Ever feel like you’ve reached a plateau and that no matter what you do, you just don’t seem to be getting stronger?
Yeah, we’ve all been there.
In fact, that’s one of the biggest downsides about bodyweight training—it can be harder to measure your progress, since so many of the movements are all or nothing. This means that unlike weight training, where you can up the weight five pounds every week or so, with bodyweight training you’ll be doing the same thing… over and over.
So it can definitely be kind of discouraging when you feel like you’ve been working at something forever and you still can’t do it.
Here are 5 reasons why you might not be getting stronger:
1. You’re not working hard enough
It may sound obvious, but the only way you’re really going to get stronger is to push as hard as you possibly can in your workouts.
Yes, that means going fast and not taking unnecessary breaks, but it also means doing the hardest possible version of the exercise you can do until you fatigue—then immediately going to the next easiest modified version of the exercise.
So, if you can do a few full triceps push ups, you’ll start out doing those, then when you can no longer do a single one, drop to your knees and continue working. The same thing goes for dips, pull ups, or any other exercise—you’ll want to start with the hardest version of the exercise you can do, then switch to an easier version when you can no longer do the full thing.
Pushing your body like this is what’s really going to keep giving you strength gains. But don’t hold back!
2. You’re not keeping track of your progress
When you train bodyweight exercises like pull ups and pistols, it’s sometimes really difficult to tell if you’re making progress. The reality of these types of exercises is that you’re never going to just be able to add a rep or two every week—it may take weeks, months, even a full year before you see get that first (or next) rep.
But that doesn’t actually mean that you’re not actually making progress. In fact, much of the progress you’ll be making when doing calisthenics is going to be small successes—successes that are easy to miss unless you’re paying close attention.
The best way to do this? Keep a fitness journal.
Writing down your workouts, the reps you do, how you feel after each workout, how many breaks you had to take, etc. will allow you to look back at where you’ve come from—and see whether you’ve actually made more progress than you thought, or whether you really have reached a plateau. It’s one of the best things you can do to keep motivated and pushing hard during your workouts.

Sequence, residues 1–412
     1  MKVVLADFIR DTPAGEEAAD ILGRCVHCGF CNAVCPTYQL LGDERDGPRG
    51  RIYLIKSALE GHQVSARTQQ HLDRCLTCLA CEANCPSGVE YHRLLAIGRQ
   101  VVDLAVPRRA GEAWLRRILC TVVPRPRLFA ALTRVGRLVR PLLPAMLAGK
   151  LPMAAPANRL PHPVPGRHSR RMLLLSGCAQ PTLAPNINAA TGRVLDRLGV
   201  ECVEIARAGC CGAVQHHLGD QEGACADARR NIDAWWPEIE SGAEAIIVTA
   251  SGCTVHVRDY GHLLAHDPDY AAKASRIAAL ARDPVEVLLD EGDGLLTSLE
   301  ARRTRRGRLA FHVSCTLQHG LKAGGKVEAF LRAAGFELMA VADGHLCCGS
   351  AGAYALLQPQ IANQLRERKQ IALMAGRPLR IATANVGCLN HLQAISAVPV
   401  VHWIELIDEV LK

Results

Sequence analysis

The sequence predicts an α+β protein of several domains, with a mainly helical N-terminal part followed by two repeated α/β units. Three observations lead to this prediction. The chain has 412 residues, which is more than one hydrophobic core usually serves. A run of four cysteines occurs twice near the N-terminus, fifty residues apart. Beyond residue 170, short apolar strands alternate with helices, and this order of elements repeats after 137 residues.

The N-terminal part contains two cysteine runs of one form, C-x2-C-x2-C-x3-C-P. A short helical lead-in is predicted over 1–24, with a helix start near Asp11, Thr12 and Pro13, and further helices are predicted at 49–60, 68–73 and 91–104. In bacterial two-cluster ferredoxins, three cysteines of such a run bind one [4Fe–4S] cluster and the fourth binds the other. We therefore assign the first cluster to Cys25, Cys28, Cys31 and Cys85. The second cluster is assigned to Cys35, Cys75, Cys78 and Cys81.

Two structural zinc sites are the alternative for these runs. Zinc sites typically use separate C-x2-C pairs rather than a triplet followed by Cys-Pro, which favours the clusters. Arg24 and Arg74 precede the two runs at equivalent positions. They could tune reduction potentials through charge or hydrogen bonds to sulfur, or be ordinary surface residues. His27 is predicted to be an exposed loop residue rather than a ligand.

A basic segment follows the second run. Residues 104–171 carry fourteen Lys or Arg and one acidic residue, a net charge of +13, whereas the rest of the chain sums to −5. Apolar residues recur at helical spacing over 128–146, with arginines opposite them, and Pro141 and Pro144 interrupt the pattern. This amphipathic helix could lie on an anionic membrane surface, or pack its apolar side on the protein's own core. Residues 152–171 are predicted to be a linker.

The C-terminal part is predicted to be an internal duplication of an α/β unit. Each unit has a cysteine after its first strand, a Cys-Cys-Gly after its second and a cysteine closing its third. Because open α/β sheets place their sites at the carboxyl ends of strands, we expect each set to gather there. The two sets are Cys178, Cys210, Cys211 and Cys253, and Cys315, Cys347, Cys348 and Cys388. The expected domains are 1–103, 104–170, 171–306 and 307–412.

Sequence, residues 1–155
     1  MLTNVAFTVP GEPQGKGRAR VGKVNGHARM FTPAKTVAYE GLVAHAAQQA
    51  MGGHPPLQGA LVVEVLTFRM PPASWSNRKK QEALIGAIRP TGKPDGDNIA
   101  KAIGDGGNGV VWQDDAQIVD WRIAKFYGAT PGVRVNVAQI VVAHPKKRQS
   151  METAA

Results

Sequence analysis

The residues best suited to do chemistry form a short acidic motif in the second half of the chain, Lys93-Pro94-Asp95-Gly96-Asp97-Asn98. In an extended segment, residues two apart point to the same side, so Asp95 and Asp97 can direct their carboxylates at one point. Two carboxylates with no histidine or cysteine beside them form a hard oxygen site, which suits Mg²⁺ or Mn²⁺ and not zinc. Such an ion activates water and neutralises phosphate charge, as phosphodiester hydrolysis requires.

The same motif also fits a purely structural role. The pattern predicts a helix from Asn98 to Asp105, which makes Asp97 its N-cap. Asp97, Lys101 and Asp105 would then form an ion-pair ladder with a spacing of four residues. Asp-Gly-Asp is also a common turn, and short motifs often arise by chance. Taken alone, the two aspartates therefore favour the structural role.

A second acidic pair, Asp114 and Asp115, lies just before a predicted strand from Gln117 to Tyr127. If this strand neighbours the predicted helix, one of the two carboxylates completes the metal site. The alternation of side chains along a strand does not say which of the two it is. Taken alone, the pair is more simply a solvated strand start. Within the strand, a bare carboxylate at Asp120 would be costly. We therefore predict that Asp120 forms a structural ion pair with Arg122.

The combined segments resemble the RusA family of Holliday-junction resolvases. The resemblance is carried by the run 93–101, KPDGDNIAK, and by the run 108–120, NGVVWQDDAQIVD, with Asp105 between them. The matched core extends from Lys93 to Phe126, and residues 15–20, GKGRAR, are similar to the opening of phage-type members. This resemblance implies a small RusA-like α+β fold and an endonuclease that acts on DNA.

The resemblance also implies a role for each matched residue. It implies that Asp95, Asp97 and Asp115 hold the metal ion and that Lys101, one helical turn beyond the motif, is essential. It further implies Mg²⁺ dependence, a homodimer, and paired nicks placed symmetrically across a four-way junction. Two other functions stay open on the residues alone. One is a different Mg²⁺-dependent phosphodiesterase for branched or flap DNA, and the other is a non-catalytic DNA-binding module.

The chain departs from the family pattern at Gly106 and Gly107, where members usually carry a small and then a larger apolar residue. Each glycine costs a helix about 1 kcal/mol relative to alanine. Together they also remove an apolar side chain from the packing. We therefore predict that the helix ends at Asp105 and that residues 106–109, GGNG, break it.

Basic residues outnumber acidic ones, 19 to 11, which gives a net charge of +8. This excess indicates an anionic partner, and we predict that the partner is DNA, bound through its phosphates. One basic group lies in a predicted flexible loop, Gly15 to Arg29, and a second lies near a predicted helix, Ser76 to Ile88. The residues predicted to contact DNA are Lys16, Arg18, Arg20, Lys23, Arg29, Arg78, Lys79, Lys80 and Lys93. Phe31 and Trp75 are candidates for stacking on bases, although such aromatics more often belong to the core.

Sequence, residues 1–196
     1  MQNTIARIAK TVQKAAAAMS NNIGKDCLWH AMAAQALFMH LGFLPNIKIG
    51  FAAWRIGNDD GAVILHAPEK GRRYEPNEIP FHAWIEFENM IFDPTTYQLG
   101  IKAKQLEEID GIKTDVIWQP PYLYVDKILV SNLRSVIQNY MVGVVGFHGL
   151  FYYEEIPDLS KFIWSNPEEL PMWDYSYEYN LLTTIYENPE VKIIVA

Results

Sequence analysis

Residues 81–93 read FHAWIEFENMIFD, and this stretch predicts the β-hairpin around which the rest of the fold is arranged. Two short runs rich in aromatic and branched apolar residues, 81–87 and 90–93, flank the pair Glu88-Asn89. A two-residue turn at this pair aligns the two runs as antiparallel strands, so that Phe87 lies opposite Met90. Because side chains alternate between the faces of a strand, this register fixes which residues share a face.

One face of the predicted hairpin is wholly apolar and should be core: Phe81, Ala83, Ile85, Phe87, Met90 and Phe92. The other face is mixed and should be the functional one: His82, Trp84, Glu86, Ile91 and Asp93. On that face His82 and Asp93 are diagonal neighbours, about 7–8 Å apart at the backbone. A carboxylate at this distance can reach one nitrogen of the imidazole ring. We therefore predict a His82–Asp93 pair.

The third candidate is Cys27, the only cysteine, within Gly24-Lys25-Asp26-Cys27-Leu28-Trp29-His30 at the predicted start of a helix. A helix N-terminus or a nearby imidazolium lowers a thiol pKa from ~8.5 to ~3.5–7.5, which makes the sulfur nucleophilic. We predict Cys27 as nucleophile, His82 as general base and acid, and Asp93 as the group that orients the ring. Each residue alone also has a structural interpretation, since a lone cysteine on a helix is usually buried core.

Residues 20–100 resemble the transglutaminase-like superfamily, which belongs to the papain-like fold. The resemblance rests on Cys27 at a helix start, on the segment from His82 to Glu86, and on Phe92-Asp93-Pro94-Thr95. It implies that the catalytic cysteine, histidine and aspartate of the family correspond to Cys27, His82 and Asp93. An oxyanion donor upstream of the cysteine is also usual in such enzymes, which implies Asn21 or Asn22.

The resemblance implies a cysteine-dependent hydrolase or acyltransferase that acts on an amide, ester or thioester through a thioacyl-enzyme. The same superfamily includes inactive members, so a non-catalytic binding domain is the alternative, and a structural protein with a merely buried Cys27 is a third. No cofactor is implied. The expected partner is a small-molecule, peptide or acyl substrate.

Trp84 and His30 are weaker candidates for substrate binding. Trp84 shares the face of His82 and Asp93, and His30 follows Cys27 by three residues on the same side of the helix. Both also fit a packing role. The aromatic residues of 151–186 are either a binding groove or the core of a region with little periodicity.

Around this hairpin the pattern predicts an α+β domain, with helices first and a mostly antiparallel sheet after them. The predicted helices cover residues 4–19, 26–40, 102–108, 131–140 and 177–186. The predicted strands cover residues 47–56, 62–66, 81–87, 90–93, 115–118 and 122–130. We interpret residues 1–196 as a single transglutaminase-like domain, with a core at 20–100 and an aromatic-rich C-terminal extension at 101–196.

3. You don’t have a clear goal
One of the biggest things I recommend when starting a fitness habit is to have a clear goal in mind—whether it’s to do your first push up, compete in a race, hold a handstand for 10 seconds, or something else entirely.
Creating goals to work towards throughout your training career is an incredibly important step to gain strength and avoid plateaus, since it’s a thousand times more motivating to push yourself if you have a very clear goal to focus on. Without one, it’s all too easy to let yourself slip up not push yourself hard enough, which ultimately leads to plateaus.
4. You’re cheating yourself
If you’ve ever worked with a personal trainer or coach, you probably remember how much harder pretty much every exercise felt compared to doing those same exercises on your own. And there’s a good reason for this: it’s human nature to push ourselves harder when there’s someone else watching.
But since most of you guys reading this probably work out alone, you need to learn how to push yourself as hard as you would with a trainer right next to you, even when no one is watching. Because whether you’re letting your form slip up during your workouts, you aren’t doing the hardest version of the exercise you can do, or you’re giving up before you’re actually fatigued, you’re ultimately cheating yourself out of all the strength gains you could—and should—be making.
So next time you catch yourself half-assing a workout, pretend like I’m there cheering you on and don’t hold back!
5. You’re not in it enough mentally
If you’re feeling like it’s been a while since you’ve made any tangible strength gains, it might be time to reassess your attitude.
Do you want it bad enough? Are you willing to do what it takes, or are you fine just half-assing your workouts for the rest of your life?
There’s no doubt about it: these workouts are tough. Whether you’re pushing through the 100 burpee challenge, or you’re huffing and puffing your way through wall balls, you really have to be able to push past your own mental blocks to keep making gains.
You can be as strong as you put your mind to… but you have to want it bad enough.
Don’t give up
Getting stronger takes time, and nothing is going to happen overnight.
But although everyone has a few physical limitations (for instance, I will never be a professional gymnast—I’m too tall, and about 10 years too old!), everyone can do amazing things if they put their mind to it.
“You will never know your limits unless you push yourself to them.” – Author unknown